This was the line that stuck in my head when I went to the Republic of South Sudan last year: a 15-year-old girl has a higher chance of dying in childbirth than getting an education. South Sudan is Africa’s newest country, after it seceded from the north in a referendum last July. It is one of Africa’s poorest countries, too, still suffering outbreaks of fighting and bombing in the post-independence hangover of disputes over oil revenue and border demarcation. Education is one of the ways it plans to improve its future: right now fewer than 50 per cent of children go to school for more than five years and 90 per cent of women cannot read or write. Girls are still expected to marry and not to have careers of their own. So I was surprised to find a school where women are being taught to rebuild their country – literally.
The Don Bosco school in Wau, about 400 miles (643 km) north-west of the capital, Juba, is a vocational centre where young men and women can study mechanics, electrical engineering, building, woodwork, printing and IT. The Don Bosco charity was founded 150 years ago and supports young people in schools and projects all over the world. Often they link with other charities, such as Oxfam, which works with 10 schools in the area, training female teachers and running after-school girls’ clubs, where girls can talk about the problems they face.
Girls at Don Bosco are still very much in the minority – only 26 out of 336 students – but they are making a difference. Esther Awea has chosen a mechanics course. “There aren’t many mechanics around here, and only one female mechanic in town. I am the only girl in my class but of course I’d like other girls to join. The boys want that, too. They want us to be equal.” Monica Nunu grew up in Khartoum, but when her family moved south in 2010, and could not afford university fees, she chose a design and printing course. “When I finish I can easily get a job, even have my own business. I love the designing part. It makes me very happy.”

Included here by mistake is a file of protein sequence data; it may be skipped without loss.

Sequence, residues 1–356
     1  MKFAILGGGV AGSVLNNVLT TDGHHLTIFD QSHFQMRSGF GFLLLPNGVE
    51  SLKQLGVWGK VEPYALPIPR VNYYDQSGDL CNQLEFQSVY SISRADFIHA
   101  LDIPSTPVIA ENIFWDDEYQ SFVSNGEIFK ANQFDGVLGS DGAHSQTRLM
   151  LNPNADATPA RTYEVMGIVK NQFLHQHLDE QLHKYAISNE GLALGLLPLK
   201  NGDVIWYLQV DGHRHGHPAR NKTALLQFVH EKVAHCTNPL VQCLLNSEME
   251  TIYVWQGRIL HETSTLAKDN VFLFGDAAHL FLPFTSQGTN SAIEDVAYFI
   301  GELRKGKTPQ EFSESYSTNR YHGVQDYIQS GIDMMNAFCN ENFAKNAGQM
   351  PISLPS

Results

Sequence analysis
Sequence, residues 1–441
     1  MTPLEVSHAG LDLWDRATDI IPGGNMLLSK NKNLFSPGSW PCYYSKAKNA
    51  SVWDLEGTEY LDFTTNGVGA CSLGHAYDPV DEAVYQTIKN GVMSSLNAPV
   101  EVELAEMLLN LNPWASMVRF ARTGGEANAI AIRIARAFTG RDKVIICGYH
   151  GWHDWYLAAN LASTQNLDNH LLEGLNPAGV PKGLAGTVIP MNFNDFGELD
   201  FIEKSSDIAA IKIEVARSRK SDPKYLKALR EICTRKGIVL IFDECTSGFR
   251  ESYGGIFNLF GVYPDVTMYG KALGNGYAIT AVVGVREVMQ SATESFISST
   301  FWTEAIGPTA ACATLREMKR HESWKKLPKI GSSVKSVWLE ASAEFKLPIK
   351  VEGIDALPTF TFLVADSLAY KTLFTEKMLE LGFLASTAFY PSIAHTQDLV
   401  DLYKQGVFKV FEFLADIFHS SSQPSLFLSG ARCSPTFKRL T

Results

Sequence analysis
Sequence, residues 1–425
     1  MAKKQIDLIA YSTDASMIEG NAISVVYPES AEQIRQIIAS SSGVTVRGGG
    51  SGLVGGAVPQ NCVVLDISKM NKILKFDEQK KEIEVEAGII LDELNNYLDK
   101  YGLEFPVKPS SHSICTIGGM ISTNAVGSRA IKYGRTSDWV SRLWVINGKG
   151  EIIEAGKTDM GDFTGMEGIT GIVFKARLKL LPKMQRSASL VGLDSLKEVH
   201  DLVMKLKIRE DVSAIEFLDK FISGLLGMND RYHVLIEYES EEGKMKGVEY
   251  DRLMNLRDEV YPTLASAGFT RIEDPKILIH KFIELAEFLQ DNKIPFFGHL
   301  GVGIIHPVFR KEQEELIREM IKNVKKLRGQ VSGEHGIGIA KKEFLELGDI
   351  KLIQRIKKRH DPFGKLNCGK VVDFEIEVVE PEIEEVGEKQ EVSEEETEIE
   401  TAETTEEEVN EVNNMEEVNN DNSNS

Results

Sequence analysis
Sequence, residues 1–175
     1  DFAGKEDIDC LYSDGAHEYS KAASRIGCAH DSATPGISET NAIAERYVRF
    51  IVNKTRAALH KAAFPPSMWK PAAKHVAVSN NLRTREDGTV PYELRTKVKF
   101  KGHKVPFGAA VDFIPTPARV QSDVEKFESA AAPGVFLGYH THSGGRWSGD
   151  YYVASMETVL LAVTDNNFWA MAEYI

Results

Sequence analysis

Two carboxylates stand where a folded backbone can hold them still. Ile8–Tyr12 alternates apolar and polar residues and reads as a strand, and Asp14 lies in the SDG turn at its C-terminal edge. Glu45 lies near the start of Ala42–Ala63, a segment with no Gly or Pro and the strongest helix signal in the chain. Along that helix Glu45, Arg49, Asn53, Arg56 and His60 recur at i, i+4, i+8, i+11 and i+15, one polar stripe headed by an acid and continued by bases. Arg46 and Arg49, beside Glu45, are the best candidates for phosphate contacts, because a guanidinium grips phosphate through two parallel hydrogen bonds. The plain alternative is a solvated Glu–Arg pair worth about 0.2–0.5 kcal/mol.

Rebecca Sadia is learning how to plan and build a house. She went to her local village primary school, but later moved to Wau, where she lives with her married sisters, and enrolled at Don Bosco. She wants to work for a construction company. “When I get a job, then I’ll be married. It’s a little bit unusual in South Sudan.”
Laura Pannack is a British photographer based in London. She works with several international charities as well as continuing her personal projects. www.laurapannack.com
A new beginning, introduction by Simon Kuper
Reconstruction: after Japan’s earthquake by Toshiki Senoue
Opening up Tunisia by Davide Monteleone
Rescuing England’s forests by John Davies
Getting by in America by Jim Dow
Beating cancer by Antoine Doyen
Italian flooding by Massimo Vitali
Rebuilding looted London by Simon Roberts
Saving Middleport pottery by Michael Collins
Norway’s resilience by Marcus Bleasdale